Senate Republicans Block Democrats' 'Paycheck Fairness Act'
Do you support or oppose Democrats’ Paycheck Fairness Act?
by Causes | 6.8.21
What’s the story?
- Senate Republicans on Tuesday voted to block consideration of Democrats’ Paycheck Fairness Act (H.R. 7), which would make it easier for employees to sue their employers for alleged gender-based wage discrimination. It failed on a 49-50 vote with all Democratic senators in attendance voting in favor and all Republicans opposed.
- Tuesday’s procedural vote was to open initial debate on the bill and potential amendments, and the “cloture motion on the motion to proceed” fell short of the 60 votes needed to overcome the legislative filibuster by “invoking cloture.”
- It was the second time the legislative filibuster has been used in the current Congress: the first failed cloture vote occurred May 28th on a bill to establish an independent commission to investigate the January 6th Capitol riot.
- Democrats’ Paycheck Fairness Act passed the House on April 15th on a 217-210 vote that went almost entirely along party-lines, with Rep. Brian Fitzpatrick (R-PA) the only Republican lawmaker to vote in favor.
What would the bill do?
- The Paycheck Fairness Act would revise existing enforcement mechanisms to prevent wage discrimination based on gender. Exceptions in laws that prohibit wage differences between men and women would be limited to bona fide factors — like education, training, or experience.
- Defenses based on bona fide factors could only apply if the employer demonstrates that the factor in question: Isn’t based upon a gender-based differential for compensation; is job-related with respect to the position in question; is consistent with the needs of the business; accounts for the difference in compensation.
- This defense wouldn't apply when the employee can demonstrate that an alternative employment practice exists that serves the same business purpose without leading to a pay difference and their employer refused to adopt that practice.
- The bill would also make it illegal to require employees to sign a contract or waiver preventing them from disclosing information about their wages.
- Read a full summary of the Paycheck Fairness Act here.
What they’re saying
- Senate Majority Leader Chuck Schumer (D-NY) blasted Republicans for blocking consideration of Democrats’ Paycheck Fairness Act in floor remarks:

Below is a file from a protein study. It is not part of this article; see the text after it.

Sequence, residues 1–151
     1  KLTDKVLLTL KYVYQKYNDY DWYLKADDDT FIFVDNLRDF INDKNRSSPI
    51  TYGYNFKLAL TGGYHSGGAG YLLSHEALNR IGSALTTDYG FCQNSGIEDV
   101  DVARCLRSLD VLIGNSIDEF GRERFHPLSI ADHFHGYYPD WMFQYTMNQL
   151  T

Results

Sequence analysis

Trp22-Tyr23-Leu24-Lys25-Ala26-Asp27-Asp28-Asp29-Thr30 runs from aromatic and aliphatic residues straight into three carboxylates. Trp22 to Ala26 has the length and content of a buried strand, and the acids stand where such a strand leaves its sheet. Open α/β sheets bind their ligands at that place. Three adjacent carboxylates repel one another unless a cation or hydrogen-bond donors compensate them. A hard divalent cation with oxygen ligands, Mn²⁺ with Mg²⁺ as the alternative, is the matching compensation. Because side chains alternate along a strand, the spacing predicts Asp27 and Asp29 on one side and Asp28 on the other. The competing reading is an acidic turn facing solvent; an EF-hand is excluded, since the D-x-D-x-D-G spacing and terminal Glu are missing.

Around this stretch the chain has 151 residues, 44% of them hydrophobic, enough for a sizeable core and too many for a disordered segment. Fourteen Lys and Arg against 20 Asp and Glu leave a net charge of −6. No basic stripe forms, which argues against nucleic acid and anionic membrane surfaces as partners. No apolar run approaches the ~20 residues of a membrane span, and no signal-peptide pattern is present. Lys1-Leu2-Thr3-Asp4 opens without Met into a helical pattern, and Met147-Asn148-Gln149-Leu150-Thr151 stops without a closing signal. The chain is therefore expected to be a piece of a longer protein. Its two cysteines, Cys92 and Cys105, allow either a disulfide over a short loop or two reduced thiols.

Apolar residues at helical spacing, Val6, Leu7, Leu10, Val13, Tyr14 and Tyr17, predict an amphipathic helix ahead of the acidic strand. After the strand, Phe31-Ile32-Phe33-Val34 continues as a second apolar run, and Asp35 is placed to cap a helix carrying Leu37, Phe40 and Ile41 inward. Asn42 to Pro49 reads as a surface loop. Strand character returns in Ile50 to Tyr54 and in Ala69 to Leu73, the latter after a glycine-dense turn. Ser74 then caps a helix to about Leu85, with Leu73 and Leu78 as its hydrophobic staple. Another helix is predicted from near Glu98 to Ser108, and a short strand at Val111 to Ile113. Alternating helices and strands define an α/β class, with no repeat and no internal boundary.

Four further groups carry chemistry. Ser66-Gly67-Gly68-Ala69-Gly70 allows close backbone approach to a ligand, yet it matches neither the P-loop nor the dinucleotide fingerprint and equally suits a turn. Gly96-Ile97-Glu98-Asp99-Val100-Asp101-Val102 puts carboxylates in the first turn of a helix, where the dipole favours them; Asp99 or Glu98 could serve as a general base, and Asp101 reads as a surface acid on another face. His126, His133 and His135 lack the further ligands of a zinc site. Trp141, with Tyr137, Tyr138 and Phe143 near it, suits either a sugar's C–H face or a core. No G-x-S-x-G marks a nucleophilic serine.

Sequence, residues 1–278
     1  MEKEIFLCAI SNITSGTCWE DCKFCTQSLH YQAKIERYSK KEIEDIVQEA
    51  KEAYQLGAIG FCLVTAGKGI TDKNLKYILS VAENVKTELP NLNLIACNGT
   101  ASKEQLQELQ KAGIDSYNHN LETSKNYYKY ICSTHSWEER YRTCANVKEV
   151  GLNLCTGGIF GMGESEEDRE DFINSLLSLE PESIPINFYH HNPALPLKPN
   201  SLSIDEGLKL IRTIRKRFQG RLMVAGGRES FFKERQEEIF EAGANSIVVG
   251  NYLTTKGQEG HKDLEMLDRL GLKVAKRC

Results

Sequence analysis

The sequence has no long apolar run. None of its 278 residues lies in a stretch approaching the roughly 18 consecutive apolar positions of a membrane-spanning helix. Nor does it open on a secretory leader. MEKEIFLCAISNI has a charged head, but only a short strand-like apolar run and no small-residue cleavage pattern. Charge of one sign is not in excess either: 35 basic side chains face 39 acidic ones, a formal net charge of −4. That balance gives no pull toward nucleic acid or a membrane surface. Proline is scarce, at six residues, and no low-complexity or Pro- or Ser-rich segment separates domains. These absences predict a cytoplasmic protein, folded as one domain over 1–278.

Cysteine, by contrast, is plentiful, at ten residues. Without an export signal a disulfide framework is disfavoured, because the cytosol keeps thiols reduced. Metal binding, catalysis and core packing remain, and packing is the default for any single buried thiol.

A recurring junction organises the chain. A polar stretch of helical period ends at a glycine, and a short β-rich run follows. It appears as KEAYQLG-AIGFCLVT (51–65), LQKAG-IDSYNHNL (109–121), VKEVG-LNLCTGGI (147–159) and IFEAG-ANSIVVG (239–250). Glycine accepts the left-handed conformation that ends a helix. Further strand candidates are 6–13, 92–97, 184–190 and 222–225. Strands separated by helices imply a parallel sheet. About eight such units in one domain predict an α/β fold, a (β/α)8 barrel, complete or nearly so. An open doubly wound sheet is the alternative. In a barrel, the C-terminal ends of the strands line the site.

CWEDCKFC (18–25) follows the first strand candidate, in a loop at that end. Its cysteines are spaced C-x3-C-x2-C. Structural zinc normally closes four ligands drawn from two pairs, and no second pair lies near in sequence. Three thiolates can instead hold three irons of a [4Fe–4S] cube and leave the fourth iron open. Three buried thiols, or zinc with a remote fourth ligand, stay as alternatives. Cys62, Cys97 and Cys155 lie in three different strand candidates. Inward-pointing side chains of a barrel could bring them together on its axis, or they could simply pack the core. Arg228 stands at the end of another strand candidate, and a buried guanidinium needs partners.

“Every Senate Democrat is ready to start debate on the Paycheck Fairness Act. But Senate Republicans seem to be mounting another partisan filibuster against this bill. It’s ridiculous that Senate Republicans would not even allow the Senate to debate a straightforward piece of legislation to help provide equal pay for working women in America, just like it was ridiculous for the Republican minority to filibuster bipartisan legislation to create an independent commission on January the 6th. Americans expect their government to make progress to improve our country, but Senate Republicans once again seem to be choosing obstruction.”
- Senate Minority Leader Mitch McConnell (R-KY) delivered floor remarks to criticize Democrats for signaling that they will use floor time in a divided Senate to bring up a host of partisan bills that lack the support needed to overcome the legislative filibuster:
“So the question at the outset of this work period is how Democrats will use their razor-thin majority over the next few weeks. Unfortunately, the Democratic leader already signaled his answer a week ago by laying out a June agenda that is transparently designed to fail. As I understand it, Senate Democrats intend to focus this month on the demands of their radical base: Exploiting the cause of pay fairness to send a windfall to trial attorneys… Saddling hospitals, schools, and small businesses with crippling new legal burdens if they fail to keep pace with ‘woke’ social norms… And opening an unprecedented new front in the Left’s war on the Second Amendment.”
- Paycheck Fairness Act: Should It Be Easier for Employees to Sue for Gender-Based Wage Discrimination Unless Differences Relate to Education, Training, or Experience? (H.R. 7)
— Eric Revell
(Photo Credit: iStock.com / jasony00)
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